Longtime Chicago improvisers Bishop (trombone and electronics), McBride (electric bass), and Daisy (drums) recently released this 33-minute set from 2011, recorded live at one of that city’s longtime music clubs, the Hideout. Consisting of two long tracks, the album captures an energetic slice of modern jazz.
From the outset, the trio is aggressive, almost to the point of being downright angry. McBride puts down assertive, jagged, and rolling rhythms that tightly couple with the busy kit-work of Daisy. Bishop serves up as much punctuation as he does melody, with pointed themes that turn sharp corners. The second piece slows things down for a while until Bishop eschews the trombone in favor of grinding electronics and effects. Eventually, he sets them up in the background and plays over them while McBride and Daisy provide another driving rhythmic exploration.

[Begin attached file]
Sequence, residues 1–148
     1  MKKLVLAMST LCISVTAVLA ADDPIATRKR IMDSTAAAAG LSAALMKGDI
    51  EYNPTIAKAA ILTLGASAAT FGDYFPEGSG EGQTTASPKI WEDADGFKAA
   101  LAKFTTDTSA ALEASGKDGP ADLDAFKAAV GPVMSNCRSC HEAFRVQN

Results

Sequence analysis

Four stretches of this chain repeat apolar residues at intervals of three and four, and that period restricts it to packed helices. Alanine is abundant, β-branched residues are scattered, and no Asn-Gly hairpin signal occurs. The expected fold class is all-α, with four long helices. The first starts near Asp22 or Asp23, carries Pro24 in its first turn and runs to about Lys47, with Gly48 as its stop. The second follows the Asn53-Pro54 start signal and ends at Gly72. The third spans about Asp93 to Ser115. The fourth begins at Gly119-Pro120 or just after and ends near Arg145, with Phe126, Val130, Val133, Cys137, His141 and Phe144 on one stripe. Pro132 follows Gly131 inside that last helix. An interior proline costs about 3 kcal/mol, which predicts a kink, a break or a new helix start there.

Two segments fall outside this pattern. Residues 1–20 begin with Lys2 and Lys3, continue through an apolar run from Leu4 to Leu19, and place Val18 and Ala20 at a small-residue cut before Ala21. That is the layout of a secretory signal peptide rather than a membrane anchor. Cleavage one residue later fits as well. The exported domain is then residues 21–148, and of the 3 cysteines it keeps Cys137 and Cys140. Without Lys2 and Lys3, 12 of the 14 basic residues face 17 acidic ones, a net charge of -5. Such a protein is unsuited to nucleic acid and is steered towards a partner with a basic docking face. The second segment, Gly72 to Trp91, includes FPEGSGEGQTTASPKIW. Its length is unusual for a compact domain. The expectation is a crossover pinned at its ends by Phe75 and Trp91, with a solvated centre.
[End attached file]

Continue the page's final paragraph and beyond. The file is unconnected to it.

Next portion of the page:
What sets these gentlemen apart – aside from the gutsiness of their approach – is that they straddle categorization. Too unusal for the traditional, but too structured to be free. In spite of (or perhaps because of) this, Alive at the Hideout is absolutely devastating. It was released last month as a members-only offering, but will reward any effort you take to get your hands on it.